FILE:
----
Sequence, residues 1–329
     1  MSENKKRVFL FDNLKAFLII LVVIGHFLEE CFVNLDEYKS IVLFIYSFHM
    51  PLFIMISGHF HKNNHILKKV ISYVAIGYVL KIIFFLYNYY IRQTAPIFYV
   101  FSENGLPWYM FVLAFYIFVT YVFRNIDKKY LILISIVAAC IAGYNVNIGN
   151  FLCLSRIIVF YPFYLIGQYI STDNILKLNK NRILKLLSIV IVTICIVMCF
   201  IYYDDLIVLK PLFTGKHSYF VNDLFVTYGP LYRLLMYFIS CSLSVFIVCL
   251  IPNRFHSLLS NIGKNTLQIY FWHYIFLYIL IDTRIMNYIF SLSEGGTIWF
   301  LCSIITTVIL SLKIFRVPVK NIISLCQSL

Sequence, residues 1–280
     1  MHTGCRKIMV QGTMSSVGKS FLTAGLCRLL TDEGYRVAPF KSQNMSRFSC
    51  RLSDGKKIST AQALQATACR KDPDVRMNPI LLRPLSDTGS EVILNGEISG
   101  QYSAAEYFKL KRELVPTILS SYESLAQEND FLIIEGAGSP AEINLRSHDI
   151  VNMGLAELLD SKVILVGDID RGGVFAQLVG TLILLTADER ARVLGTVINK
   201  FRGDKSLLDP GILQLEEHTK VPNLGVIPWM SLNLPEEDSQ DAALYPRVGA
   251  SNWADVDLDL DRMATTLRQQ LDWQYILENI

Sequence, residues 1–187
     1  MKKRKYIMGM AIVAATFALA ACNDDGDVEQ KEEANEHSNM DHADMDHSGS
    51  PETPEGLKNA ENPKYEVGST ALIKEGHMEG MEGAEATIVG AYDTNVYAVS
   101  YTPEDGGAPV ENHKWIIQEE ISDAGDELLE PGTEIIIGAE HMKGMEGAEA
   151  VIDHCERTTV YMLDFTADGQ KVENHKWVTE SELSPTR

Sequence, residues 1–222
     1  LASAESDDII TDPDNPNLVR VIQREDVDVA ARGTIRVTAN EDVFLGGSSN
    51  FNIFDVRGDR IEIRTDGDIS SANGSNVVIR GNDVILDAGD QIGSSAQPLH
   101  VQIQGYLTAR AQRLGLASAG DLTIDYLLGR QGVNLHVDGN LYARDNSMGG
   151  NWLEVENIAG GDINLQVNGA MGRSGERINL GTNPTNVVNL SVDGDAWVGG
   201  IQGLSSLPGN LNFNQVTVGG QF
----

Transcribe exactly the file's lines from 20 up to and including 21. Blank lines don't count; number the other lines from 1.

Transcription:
   151  VIDHCERTTV YMLDFTADGQ KVENHKWVTE SELSPTR

Sequence, residues 1–222